The course takes students to the heart of the Green Deal through the gateway of the energy sectors. The production, conversion, distribution and use of natural resources and energy were key for the carbonization of economies and societies at the times of the Industrial Revolution, and will be key again in the process of decarbonization. Despite its foundation on coal in the 1950s, the European Union and its predecessors have been intensively dealing with the energy sectors only for the last thirty years. In this period, what we call classical European Energy Policy has been developed, which rested on three main objectives – the internal market, internal and external energy, and sustainability. Students will gain an insight to basics of energy governance, policy and regulation in Europe during this period, including the geopolitical challenges and the advent of a new global energy and climate order based on the Paris Agreement. They will also understand how the energy markets and networks are evolving, and converge with sectors as different as transport, information technology or finance. The Green Deal opens a new chapter not only for energy policy but for all areas of our economies and societies, and European integration altogether. Compared to classical energy policy, the Green Deal is not only wider in scope but also relies much more on regulatory measures such as targets and plans, carbon pricing, subsidies and green finance, which will be discussed in the course together with other elements of the Green Deal governance. A particular focus will be on the various consequences of the Green Deal in areas such as social justice, geopolitics and diplomacy or the relation between the European Union and its Member States.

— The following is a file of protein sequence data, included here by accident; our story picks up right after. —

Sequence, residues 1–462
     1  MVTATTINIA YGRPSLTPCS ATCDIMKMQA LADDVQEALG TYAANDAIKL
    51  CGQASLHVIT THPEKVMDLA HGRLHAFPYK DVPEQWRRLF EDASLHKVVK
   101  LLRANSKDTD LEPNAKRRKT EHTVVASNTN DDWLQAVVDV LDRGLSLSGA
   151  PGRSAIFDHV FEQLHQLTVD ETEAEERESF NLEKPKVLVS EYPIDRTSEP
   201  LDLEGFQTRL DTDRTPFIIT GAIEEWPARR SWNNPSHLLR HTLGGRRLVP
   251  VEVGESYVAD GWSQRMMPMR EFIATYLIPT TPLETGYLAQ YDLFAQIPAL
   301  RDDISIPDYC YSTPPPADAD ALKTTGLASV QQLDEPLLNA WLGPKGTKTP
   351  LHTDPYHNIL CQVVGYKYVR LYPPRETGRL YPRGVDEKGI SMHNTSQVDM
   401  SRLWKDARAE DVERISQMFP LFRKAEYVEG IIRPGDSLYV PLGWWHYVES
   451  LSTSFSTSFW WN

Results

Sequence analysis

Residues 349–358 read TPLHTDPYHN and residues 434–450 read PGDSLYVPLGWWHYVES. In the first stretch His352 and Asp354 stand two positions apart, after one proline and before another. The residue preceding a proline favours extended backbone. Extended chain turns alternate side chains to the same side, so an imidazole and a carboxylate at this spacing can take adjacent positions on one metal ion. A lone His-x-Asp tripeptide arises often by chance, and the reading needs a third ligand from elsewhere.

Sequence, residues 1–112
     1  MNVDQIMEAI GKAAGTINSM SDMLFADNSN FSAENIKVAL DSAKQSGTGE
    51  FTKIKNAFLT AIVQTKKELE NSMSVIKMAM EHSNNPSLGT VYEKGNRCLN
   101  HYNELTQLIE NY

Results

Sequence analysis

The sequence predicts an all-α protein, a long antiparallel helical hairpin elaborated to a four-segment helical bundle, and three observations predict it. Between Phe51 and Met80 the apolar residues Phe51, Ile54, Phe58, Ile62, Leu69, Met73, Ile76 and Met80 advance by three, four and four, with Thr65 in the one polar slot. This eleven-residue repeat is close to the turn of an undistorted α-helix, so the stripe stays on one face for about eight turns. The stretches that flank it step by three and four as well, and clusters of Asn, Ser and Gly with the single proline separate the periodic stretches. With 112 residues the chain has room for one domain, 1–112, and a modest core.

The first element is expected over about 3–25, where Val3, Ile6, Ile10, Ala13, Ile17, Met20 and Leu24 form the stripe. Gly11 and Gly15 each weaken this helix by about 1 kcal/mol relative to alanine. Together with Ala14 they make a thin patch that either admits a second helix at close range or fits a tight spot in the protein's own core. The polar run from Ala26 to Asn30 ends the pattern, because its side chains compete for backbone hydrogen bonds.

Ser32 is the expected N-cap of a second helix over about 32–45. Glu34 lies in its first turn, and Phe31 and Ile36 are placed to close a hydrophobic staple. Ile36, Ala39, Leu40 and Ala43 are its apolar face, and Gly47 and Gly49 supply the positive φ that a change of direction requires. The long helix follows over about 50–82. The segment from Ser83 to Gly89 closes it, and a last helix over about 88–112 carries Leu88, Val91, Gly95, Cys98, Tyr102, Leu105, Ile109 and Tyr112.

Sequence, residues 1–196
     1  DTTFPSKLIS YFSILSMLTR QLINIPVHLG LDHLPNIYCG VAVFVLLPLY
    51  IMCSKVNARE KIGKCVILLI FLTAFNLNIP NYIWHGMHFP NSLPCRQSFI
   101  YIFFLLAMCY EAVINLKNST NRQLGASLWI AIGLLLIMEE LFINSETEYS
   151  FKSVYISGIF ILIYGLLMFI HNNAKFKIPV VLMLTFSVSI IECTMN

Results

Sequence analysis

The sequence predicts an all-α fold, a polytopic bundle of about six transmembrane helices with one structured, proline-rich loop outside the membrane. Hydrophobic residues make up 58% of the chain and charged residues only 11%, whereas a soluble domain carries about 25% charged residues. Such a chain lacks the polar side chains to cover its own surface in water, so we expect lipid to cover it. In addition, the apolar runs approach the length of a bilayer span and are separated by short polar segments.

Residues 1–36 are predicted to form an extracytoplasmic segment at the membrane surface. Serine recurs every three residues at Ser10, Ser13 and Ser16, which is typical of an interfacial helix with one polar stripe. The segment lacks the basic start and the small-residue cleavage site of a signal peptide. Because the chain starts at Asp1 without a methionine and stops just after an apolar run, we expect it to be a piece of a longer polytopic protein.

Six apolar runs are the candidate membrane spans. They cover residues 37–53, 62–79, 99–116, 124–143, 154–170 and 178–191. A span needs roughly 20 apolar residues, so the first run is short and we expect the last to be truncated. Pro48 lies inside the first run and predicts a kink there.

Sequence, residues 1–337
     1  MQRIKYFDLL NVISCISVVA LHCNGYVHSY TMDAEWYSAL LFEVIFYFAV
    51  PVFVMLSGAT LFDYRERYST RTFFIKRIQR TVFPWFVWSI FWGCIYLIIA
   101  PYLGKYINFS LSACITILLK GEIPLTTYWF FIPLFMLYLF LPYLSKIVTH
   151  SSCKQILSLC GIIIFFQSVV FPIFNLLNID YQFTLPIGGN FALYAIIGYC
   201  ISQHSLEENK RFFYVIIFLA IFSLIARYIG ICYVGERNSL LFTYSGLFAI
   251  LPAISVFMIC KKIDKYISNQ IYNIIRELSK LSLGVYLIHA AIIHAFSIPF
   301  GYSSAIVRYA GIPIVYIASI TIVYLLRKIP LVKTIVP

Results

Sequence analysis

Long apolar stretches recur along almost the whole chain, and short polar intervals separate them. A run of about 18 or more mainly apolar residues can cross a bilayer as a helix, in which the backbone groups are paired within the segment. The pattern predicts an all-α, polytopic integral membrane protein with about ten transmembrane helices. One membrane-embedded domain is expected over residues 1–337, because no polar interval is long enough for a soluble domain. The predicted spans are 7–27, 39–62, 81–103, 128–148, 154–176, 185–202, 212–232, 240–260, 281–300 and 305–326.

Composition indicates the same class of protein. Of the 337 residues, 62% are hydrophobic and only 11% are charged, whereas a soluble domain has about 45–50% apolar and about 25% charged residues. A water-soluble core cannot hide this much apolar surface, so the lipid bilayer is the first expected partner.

The course follows a multi-disciplinary approach in covering a broad range of aspects and features, including historical, technical, economic, political and legal. As part of the course, students will be assigned to coaches from the institutions, business and civil society to work on a graded assignment in the framework of the Chair’s Energy and Climate Governance Lab.
The course is taught by Professor Dr. Dirk BUSCHLE, Chairholder of the European Energy and Climate Policy Chair.
7 February 2019 ‘Decarbonising energy: Lessons from history and policies for the future’
18 November 2019 "Pricing Carbon: The Silver Bullet for the Energy Transition?"
Tuesday 15 June 2021 “The Great Transition: How to get to carbon zero 2050?”
6 March 2018: Mr Guy LENTZ. “An Intro to European Energy Policy”
26 February 2019: Mr. Philippe LAMBERTS “Questions and Answers: the ‘Ecological Transition’”.
4 March 2019 Ms. Anne BERGENFELT “COP 24 in Katowice: A success for EU climate diplomacy?”.
1 April 2019, Bernd BIERVERT “Europe’s External Energy Policy – Solo or Solidarity?”.
16 November 2020 Michael MEHLING, Deputy Director of the Center for Energy and Environmental Policy Research at the Massachusetts Institute of Technology (MIT), gave a lecture on CBAM, entitled “Carbon Border Adjustment: Salvation or downfall of EU climate action?”
24 November 2020 Aleksandra TOMCZAK, Member of Cabinet of Executive Vice-President Timmermans “The Just Transition Fund: where do we go from here?"
13 January 2021 Ditte Juul-Jorgensen, Director-General of DG ENER “Career Webinar”
The College of Europe Chair on European energy policy is generously supported by IBERDROLA.
Prof. Dirk BUSCHLE